This notion has received direct experimental support during perceptual-decision making Werkle-Bergner et al. As a corollary, extremes of too much or too little synchronization would both have negative consequences for population coding, as this would lead to abnormal redundancy of information, reflective of a highly ordered or chaotic system Hanslmayr et al. In general, the covered evidence suggests that low-frequency oscillations appear to limit the complexity of available computational states, so why should they feature so prominently in the brain?
A potential biological compromise may be that oscillations enable segregated communication channels to be established in the brain, which would prevent a disorganized mixing of processing streams.
Thus far, we have mainly considered the features of locally synchronized activities i. Although this complex topic is beyond the scope of this paper, we touch upon it briefly in light of its relevance to pathological states. In essence, distributed brain regions have been observed to functionally co-activate on a variety of measures, including synchronization of phase, frequency, or amplitude Engel et al.
Recent studies indicate that these mechanisms enable the collective binding of neural assemblies to form functional networks independent of inter-neuron distance Canolty et al. Hence, it is not difficult to envisage the emergence of a dynamic interplay between local- and network-oscillation states, as the former would influence the latter via long-range connections Zemankovics et al. As we will see in the next section, adaptive behavior and consciousness can be altered when this delicate oscillatory balance is disturbed.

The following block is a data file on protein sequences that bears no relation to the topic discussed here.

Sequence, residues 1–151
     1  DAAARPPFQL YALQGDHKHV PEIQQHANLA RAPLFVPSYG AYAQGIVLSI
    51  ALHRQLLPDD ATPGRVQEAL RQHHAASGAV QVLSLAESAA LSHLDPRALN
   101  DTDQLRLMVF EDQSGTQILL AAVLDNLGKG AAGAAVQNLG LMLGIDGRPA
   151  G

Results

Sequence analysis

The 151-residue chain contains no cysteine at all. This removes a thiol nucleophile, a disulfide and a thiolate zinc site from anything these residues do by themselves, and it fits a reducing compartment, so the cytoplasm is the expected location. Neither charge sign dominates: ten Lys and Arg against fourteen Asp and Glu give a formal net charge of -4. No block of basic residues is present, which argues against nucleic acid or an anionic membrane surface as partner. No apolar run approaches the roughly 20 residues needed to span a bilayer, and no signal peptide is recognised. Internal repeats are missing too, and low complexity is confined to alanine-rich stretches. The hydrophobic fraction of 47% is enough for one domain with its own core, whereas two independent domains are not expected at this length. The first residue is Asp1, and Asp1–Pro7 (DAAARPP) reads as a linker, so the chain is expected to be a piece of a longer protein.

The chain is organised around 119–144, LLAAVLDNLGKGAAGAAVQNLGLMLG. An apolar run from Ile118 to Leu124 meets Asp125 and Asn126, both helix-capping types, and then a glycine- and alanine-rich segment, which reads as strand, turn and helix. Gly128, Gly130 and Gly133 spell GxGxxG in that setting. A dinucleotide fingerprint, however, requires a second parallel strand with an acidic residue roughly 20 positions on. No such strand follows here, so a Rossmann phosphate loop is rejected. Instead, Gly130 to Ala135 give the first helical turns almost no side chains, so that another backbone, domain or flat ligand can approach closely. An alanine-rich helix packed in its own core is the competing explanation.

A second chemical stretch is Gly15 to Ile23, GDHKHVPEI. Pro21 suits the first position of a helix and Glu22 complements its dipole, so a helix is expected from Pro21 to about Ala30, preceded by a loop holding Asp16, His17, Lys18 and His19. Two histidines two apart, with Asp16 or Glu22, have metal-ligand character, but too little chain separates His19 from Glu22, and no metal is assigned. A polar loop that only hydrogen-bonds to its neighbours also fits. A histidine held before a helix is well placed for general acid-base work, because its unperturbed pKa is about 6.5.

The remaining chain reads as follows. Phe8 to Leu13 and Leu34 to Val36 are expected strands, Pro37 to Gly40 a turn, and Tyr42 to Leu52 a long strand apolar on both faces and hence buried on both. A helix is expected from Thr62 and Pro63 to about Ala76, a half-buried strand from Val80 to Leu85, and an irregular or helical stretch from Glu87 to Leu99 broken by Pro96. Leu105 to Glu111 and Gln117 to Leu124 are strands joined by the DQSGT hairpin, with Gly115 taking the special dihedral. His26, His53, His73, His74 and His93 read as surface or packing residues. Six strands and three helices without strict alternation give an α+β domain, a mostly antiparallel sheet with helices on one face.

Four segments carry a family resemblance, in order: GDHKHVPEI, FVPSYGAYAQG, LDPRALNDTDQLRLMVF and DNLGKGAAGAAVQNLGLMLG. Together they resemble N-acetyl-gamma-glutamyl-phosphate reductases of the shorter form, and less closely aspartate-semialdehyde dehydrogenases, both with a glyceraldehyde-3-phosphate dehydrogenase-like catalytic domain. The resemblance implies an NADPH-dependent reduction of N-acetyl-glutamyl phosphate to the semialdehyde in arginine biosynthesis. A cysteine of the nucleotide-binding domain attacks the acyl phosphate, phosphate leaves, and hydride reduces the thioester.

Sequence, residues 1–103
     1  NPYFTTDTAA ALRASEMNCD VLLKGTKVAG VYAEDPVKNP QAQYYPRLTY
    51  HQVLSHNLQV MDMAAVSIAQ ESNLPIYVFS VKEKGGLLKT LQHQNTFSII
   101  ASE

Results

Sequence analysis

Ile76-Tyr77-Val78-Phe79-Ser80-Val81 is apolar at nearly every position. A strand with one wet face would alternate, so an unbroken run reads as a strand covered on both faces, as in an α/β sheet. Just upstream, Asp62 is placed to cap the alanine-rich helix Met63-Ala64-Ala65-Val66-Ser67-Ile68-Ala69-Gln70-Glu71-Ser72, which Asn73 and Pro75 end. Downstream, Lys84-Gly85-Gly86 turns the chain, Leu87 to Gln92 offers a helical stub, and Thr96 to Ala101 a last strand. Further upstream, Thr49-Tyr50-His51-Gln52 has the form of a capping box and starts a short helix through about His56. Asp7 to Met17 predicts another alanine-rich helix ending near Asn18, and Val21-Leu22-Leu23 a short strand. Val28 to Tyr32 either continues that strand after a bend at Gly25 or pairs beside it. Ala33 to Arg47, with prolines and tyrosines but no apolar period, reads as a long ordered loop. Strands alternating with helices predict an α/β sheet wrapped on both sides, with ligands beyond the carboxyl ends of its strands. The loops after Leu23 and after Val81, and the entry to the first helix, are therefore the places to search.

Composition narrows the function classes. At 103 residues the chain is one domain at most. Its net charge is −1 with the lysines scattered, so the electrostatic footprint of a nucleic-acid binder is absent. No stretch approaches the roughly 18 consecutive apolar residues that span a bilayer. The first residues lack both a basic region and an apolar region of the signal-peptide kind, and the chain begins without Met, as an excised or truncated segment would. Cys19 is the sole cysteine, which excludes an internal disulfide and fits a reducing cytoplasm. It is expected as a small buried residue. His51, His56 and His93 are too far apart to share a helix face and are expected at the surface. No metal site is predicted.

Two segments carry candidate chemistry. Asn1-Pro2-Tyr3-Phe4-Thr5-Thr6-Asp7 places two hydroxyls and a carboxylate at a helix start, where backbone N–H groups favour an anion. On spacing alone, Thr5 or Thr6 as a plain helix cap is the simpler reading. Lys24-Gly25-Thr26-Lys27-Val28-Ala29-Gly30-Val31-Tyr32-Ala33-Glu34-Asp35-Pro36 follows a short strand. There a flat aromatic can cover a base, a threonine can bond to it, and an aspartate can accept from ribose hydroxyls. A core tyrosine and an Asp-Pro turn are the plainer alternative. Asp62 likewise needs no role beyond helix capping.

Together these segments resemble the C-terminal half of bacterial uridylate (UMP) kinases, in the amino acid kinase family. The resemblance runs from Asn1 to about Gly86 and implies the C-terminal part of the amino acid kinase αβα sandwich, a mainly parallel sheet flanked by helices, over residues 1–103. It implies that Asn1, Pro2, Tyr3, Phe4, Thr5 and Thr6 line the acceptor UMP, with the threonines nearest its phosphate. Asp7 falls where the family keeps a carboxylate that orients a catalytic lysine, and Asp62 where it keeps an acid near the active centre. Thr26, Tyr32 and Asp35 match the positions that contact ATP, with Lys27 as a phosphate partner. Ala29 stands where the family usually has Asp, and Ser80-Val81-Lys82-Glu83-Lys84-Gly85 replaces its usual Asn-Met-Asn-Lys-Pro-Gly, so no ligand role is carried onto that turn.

Thus, a science of ab normal oscillations should also be supported by observations that quantitative measures e. This is qualified by a proviso that EEG parameters are not static from birth, but follow an established developmental trajectory consisting of a frequency acceleration of the dominant resting rhythm, and a decrease of the overall spectral power until adulthood Dustman et al. Such age-matched measures from healthy reference populations are implicitly used by neuroscience studies that seek to uncover meaningful differences with pathophysiological conditions.
The literature on this topic is vast, but we provide a few representative examples of low-frequency EEG abnormalities prevalent in brain disorders.
For instance, slower-waves e. The list is virtually endless given the plethora as well as complexity of disorders, and the interested reader is referred to comprehensive reviews on the subject Coburn et al. Importantly, EEG can also be employed to assess recovery or response to treatment. For example, reduced delta 2—4 Hz rhythm amplitude can be used as a biomarker of long-term recovery from ischemic cerebral stroke Cuspineda et al.